From Greenie Watch:
'Breakthrough Technology’ or broken technology?
It was supposed to be a shining example of the green movement — a completely independent solar-powered house with no gas or electrical hookups. Seven months ago, officials gathered for a ribbon-cutting ceremony to celebrate the $900,000 house owned by the city of Troy that was to be used as an educational tool and meeting spot. But it never opened to the public. And it remains closed. "It is disappointing that we can't tour, but the summit will still be of great value. I don't think it's reflective of the technology."
Frozen pipes during the winter caused $16,000 in damage to floors, and city officials aren't sure when the house at the Troy Community Center will open. "It's not safe right now, and there's no estimated opening time because it depends on when we can get funding," said Carol Anderson, director of the city's Parks and Recreation Department.
That surprised the Oakland County Planning and Economic Development Department, which advertised tours of the house for its Tuesday Oakland County Green Summit. "No, I didn't know anything about it," said Steve Huber, spokesman for county planning. Bret Rasegnan, planning supervisor for the department, said the solar tours have been removed from the finalized agenda for the summit.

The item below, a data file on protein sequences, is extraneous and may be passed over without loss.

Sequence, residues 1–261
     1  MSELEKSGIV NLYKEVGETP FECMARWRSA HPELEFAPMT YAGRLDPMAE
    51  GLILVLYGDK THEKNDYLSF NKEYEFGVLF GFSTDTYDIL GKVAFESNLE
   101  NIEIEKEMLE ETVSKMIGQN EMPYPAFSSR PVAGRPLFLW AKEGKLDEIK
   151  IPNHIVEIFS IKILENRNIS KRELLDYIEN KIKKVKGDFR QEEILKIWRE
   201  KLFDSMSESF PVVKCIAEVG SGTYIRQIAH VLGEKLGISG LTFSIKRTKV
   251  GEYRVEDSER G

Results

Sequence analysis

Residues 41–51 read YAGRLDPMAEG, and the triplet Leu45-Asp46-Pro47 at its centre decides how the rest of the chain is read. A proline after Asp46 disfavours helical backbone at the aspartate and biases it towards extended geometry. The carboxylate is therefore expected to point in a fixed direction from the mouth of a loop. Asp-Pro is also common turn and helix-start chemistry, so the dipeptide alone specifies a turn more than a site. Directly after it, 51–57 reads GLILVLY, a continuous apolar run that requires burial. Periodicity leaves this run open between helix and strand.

Comment on the above:
Troy, Michigan, is in my Detroit backyard and the troubles of the celebrated Troy solar house (dubbed ALOeTERRA, which means “to nourish the earth,” natch) that Greg Pollowitz reported above are noteworthy for a number of reasons.
The first is that this anti-global-warming temple’s closure is due to water damage caused by frozen pipes — a result of 2009’s record-cold Michigan winter.
The house is also one of “breakthrough technologies” that Energy Sec. Chu is targeting with DOE’s new, $400 million Advanced Research Projects Agency-Energy (see here). In fact, the house — designed by a Lawrence Tech University (Mich.) team — was the winner of an alternative energy competition, the Solar Decathlon, which already receives substantial funding from the DOE.
The house, reports green-friendly Metromode, is billed “as a showcase on how regular people can conserve energy in housing.” But at $900,000, this 800-square-foot green house is hardly in the price range of “regular folk.”
Of course, building a solar house in a state that is in winter overcast six months out of the year might seem a tad ambitious. But its green builders promised that the home’s full-roof solar panels would not only provide electricity, but also charge a home battery system that would store energy for all heating needs.
[Note to self - don't laugh.]